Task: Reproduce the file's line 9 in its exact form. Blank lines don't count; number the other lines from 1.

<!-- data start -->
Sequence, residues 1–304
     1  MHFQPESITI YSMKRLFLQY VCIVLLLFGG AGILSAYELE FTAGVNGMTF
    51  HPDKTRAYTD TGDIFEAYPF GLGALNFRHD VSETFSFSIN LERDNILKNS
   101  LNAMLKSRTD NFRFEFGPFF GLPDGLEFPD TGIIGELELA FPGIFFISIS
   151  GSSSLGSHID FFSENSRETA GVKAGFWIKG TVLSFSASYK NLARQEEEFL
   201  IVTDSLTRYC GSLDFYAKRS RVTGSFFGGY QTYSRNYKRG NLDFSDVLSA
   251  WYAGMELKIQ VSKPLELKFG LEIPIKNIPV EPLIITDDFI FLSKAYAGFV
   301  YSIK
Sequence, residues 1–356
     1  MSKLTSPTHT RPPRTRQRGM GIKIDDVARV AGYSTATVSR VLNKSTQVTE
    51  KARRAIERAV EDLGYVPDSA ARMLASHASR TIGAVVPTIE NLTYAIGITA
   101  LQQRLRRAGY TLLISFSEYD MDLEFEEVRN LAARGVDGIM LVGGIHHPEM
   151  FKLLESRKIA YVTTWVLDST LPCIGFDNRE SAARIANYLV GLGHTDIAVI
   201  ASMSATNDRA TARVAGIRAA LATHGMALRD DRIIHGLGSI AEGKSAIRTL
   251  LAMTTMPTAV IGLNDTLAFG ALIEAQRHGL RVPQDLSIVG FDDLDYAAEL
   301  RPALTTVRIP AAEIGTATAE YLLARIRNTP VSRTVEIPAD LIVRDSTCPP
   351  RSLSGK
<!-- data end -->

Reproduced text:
Sequence, residues 1–356